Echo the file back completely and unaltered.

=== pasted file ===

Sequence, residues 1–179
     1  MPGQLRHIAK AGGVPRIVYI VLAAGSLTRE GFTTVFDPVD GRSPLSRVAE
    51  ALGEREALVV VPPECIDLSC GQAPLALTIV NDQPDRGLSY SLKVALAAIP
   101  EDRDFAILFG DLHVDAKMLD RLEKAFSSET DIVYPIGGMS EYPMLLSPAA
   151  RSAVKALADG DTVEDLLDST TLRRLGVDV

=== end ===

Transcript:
Sequence, residues 1–179
     1  MPGQLRHIAK AGGVPRIVYI VLAAGSLTRE GFTTVFDPVD GRSPLSRVAE
    51  ALGEREALVV VPPECIDLSC GQAPLALTIV NDQPDRGLSY SLKVALAAIP
   101  EDRDFAILFG DLHVDAKMLD RLEKAFSSET DIVYPIGGMS EYPMLLSPAA
   151  RSAVKALADG DTVEDLLDST TLRRLGVDV